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A mixed-race worker has been awarded €5,000 for racial harassment after accusing his supervisor of making discriminatory comments about immigrants during a breakfast conversation at work. The incident, which took place in a canteen at an unnamed medical device manufacturing Company, led to a legal complaint under the Employment Equality Act 1998.


According to the worker’s testimony at the Workplace Relations Commission (WRC), the conversation began with general remarks about immigration and refugees. The supervisor, identified only as Ms H, allegedly stated, “Now they’re coming over here and they’re mixing with us. That’s the problem.” This comment, perceived as malicious and hateful, profoundly affected the worker, who is an Irish citizen of mixed-race heritage with an African father.

The worker described the emotional impact of the conversation, expressing that the experience of racism had caused him severe stress and anxiety. He also noted another colleague’s remark about not wanting to encounter “a bunch of foreigners,” though he believed this comment was made in jest and the colleague later apologised.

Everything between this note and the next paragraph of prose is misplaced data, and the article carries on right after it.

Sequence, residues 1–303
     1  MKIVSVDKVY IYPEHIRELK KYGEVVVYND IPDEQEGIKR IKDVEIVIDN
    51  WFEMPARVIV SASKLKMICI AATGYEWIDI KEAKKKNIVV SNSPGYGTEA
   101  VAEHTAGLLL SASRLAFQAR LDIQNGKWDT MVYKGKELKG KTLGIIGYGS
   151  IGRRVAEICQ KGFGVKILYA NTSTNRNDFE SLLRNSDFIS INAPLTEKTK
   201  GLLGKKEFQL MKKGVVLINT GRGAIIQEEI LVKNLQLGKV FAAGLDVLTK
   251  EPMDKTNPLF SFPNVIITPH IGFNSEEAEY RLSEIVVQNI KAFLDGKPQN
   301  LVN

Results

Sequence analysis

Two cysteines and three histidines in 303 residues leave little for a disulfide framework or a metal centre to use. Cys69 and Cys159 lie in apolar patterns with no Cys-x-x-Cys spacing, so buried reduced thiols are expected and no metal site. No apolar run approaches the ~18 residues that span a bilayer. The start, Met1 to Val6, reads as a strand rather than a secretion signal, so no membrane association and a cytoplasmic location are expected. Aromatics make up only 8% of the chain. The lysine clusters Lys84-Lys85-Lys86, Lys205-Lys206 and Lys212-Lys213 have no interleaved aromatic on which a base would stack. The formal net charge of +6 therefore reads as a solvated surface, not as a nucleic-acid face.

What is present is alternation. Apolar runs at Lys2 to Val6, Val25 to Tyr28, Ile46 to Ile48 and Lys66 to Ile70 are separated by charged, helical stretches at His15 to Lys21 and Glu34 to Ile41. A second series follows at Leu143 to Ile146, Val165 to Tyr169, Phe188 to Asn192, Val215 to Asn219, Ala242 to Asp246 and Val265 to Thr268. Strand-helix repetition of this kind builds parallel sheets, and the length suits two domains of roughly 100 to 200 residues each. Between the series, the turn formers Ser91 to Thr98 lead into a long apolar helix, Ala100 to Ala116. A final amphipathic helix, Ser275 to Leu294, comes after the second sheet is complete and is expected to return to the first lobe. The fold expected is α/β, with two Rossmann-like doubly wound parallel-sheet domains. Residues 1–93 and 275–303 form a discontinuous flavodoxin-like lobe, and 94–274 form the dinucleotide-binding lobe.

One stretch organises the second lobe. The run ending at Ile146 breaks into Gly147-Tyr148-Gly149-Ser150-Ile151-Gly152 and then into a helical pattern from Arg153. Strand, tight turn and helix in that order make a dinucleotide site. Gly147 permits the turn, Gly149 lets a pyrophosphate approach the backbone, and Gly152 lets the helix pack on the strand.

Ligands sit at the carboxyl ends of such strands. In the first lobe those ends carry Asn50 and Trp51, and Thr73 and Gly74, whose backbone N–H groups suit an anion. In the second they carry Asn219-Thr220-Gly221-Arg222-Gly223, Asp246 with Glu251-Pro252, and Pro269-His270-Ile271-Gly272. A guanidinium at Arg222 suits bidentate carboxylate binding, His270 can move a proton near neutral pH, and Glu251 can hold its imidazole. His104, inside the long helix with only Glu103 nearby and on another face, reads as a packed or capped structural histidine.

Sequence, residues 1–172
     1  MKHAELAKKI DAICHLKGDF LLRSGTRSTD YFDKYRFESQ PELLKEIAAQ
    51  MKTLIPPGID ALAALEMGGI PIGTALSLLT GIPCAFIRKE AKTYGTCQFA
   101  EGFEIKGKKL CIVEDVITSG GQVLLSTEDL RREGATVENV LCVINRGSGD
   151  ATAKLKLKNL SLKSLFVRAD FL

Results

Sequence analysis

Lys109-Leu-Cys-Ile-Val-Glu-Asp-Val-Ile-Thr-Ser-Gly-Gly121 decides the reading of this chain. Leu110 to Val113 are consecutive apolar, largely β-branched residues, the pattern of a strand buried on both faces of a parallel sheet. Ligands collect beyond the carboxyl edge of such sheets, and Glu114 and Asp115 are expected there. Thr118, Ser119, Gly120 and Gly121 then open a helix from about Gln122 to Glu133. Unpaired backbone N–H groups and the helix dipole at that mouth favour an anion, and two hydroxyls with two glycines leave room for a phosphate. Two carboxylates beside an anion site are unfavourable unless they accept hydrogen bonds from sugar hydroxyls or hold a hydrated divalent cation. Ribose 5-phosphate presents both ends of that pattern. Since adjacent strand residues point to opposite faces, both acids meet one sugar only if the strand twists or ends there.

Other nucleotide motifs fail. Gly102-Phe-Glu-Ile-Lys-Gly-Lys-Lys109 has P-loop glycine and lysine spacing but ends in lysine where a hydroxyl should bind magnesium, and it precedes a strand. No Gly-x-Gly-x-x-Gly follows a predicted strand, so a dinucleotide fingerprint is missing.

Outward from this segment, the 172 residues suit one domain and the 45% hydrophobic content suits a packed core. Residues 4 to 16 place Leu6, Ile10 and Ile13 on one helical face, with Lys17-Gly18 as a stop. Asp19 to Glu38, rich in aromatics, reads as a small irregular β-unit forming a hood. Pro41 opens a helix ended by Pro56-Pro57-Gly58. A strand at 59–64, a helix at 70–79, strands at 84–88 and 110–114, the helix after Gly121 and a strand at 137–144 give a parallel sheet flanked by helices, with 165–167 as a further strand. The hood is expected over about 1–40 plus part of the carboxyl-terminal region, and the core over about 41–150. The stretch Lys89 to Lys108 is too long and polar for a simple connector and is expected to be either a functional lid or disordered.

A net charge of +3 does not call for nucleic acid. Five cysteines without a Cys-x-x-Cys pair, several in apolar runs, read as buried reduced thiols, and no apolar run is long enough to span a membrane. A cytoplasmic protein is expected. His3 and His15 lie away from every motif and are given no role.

In response to the worker’s informal complaint, the company reported that Ms H denied making the comment as alleged but expressed willingness to apologize for any distress caused. Unsatisfied, the worker lodged a formal grievance. The Company’s investigation could not conclusively confirm or deny that Ms H made the comments, with notes from an interview indicating she denied the comments in that context but acknowledged making a similar reference in a previous conversation.

Ms H was unable to attend the WRC hearing due to health reasons, and no sworn evidence was provided by her. WRC adjudicator Orla Jones concluded that the comments created an intimidating and hostile environment for the complainant. Jones criticized the company’s handling of the situation, noting the worker’s repeated requests for a transfer away from his supervisor, which the company claimed was not feasible due to training requirements. Jones deemed this response unsatisfactory, stating it fell short of legal obligations to address the effects of harassment.


In her decision, Jones ruled the complaint well-founded and awarded the worker €5,000 in compensation. She rejected claims that the worker had suffered less favourable treatment due to the refusal to transfer him and dismissed a further allegation that he had been penalised for making the complaint.

This case underscores the importance of employers addressing racial harassment proactively and ensuring a safe, inclusive work environment. The decision highlights the need for effective grievance procedures and appropriate responses to complaints to prevent and remedy workplace discrimination.